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Michael Phelps shouldn't be held to a different standard 

Michael Phelps should be able to smoke weed if he wants.

Yes, I said it, and I am not a weed smoker. Some of you might think that I am crazy, but I firmly believe that what people do privately is no one else's concern. I get it. He's the greatest Olympic athlete of all time, with lots of endorsements and a lot of kids looking up to him, so he should know better and yes, he should do better. However, just because he has won eight Olympic medals does not make him a deity; remember he is actually human and he is young.

Michael Phelps got caught smoking marijuana. I chuckled when I saw the photo because of all bongs, he was smoking the biggest and the brightest. It wasn't like he was posing for the photo. Some jerk, who obviously was not that high, took the photo. Now all hell is breaking loose because this stellar athlete is not a stellar individual. Now everyone is trying to make an example of him. S.C. authorities are thinking about bringing charges against him.

Really. I hope that they plan to charge everyone who was at the party, including the person who took the picture. Why are they singling him out? If indeed there is that one photo, there are others, and if they pursue charges against Phelps, they should do the same for all involved. I guess the authorities have more time on their hands than we thought. I would suspect if you raid any college campus in the United States, any day of the week, they would find students smoking weed, getting drunk and engaging in a lot of other illegal activities. If they were really interested in stopping the flow of marijuana on college campuses, then they would perform random raids to dissuade students. They don't. Why? Because of privacy issues. Plus, any good lawyer worth her salt can beat a charge obtained in that way.

This may sound crazy, but I do believe that if a young man who sacrificed most of his childhood to pursue the greatest goal of all time wants to smoke weed in his time off, he should be allowed to do so. How soon we forget the parts of his story that folks lapped up when he was "the man." He was tall and lanky, had a speech impediment and not many friends because people made fun of him. The guy who probably couldn't buy a date and had to work really hard to make friends is suddenly the most popular guy in the class, not to mention the most famous athlete in the world. You know how this story goes because you've seen this Hollywood narrative before. As a young person, of course he's going to want to fit in and be with the "regular" folks, where he is now the Superstar. Does that make it right? No, but it is what it is.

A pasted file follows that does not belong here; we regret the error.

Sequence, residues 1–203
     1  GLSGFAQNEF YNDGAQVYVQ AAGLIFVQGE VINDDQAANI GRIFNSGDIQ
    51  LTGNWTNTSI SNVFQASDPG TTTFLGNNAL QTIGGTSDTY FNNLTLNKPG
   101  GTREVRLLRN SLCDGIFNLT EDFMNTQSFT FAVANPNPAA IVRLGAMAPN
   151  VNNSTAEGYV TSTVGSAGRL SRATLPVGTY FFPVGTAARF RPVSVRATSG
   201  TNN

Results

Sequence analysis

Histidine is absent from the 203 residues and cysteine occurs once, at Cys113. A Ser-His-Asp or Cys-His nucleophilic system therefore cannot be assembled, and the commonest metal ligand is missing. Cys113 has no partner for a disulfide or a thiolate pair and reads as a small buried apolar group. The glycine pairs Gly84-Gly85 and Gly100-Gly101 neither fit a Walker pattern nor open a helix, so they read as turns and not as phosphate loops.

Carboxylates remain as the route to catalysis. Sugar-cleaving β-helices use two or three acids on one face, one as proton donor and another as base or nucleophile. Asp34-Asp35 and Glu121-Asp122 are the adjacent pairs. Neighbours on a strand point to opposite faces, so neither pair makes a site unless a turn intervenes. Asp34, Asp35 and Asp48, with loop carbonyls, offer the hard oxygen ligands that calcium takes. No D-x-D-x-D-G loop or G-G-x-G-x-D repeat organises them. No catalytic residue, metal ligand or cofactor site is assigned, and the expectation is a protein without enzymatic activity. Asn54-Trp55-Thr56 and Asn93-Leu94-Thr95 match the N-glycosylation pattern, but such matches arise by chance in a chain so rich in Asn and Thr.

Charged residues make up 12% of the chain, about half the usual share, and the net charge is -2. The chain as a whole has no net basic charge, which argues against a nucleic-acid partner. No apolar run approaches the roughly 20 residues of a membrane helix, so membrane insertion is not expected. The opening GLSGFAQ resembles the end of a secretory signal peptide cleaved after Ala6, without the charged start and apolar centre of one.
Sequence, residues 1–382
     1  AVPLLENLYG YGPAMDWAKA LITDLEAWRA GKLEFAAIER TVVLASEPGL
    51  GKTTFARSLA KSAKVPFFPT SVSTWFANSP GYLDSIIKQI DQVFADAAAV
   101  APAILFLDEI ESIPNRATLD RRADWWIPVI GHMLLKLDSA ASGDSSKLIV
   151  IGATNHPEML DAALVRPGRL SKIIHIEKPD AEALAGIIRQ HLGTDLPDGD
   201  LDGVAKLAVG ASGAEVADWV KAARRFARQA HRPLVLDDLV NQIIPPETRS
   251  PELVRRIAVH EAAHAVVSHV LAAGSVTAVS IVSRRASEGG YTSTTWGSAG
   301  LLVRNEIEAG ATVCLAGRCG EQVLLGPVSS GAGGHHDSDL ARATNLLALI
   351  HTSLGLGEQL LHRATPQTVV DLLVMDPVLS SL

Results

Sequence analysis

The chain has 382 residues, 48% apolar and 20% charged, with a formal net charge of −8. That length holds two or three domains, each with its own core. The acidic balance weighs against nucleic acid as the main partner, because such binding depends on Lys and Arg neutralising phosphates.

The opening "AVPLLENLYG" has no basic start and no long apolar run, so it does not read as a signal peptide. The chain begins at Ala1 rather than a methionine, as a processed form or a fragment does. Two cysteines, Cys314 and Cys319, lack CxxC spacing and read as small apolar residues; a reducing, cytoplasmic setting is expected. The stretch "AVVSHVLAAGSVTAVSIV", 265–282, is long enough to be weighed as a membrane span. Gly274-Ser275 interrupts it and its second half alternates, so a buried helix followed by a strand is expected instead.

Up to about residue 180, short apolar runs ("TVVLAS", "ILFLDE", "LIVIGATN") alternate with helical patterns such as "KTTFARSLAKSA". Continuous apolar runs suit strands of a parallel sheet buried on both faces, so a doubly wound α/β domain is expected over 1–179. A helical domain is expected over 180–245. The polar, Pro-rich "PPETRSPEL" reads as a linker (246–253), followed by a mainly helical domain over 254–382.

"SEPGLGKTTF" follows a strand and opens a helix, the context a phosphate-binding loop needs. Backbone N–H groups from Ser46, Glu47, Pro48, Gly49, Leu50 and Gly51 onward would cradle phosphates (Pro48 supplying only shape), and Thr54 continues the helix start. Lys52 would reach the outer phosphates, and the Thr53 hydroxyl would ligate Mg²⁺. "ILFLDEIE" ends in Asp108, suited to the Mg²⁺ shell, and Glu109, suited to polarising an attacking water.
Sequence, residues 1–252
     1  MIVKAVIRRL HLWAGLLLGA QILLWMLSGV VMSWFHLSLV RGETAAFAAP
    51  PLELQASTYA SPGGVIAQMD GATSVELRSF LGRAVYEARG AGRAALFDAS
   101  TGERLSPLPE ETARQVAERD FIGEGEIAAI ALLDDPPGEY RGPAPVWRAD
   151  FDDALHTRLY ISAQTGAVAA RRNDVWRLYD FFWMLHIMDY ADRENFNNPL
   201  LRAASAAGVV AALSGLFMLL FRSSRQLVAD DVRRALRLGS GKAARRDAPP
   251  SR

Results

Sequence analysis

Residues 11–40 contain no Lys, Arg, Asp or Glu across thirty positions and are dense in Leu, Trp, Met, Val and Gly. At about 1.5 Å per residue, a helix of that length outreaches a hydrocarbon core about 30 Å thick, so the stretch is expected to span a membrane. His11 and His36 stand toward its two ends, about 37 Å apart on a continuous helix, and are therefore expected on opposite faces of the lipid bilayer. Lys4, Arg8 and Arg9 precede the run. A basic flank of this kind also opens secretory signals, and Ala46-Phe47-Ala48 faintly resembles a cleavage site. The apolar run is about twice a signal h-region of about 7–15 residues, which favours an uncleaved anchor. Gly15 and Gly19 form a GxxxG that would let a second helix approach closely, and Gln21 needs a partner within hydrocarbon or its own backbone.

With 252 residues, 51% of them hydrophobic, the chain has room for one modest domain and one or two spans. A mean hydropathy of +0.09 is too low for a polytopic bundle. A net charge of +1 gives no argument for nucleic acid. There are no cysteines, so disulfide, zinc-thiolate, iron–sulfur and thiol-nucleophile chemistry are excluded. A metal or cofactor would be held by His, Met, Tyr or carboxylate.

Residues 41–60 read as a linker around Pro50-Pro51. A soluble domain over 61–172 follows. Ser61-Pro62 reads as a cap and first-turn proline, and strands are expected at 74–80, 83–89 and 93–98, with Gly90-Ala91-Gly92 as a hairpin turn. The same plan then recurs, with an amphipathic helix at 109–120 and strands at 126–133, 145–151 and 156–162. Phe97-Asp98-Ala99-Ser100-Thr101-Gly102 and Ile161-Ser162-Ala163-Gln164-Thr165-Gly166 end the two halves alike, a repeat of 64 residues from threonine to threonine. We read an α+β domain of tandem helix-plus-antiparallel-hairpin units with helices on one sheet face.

I could see if he was smoking marijuana during competition. He wasn't. I know that marijuana is illegal and a gateway drug, so you should not smoke it under any circumstances. I get that. But he was on a college campus, with students in his age group, doing what college students do. Where is the uproar over the University of South Carolina students who were at the party? There is none. Why? Because they're just being students.

I've heard folks going off about if Phelps were black, he'd be stripped of his medals, suspended and under the jail, especially in South Carolina. They're probably right. Just because the authorities railroaded Marion Jones does not mean that they should railroad Phelps. For those of us with fuzzy memories, Jones never tested positive -- never, ever, even during competition. Fortunately for Phelps, he isn't black. He will get another chance -- just like he did after being caught driving drunk. Why? Because he is a young man who is not perfect.

All this talk about weed has me wanting to paraphrase one of my favorite "weed-smoking" celebrities -- Method Man. In a documentary on Notorious B.I.G., he tells kids to let their parents be their role models and reminds us that he's just there for entertainment. Perhaps we should take his advice? Instead of trying to make athletes and public figures role models, maybe we should serve as role models at home?

It has been proven time and time again -- athletes and celebrities are not reliable. Why? Because they are human beings just like us. I suspect that the parents of all of those students who were smoking weed and drinking at that party have been great role models; yet and still, their children are still doing what they probably were not raised to do -- drink alcohol and do drugs. Young people make mistakes. Michael Phelps is young and obviously made a mistake that has only hurt himself.

Do I think Phelps should get special treatment? No. I don't think that he should be held to a standard different from the other students that attended the party because he has won eight Olympic medals. And yet people have ordained him as a deity instead of the young person that he is.

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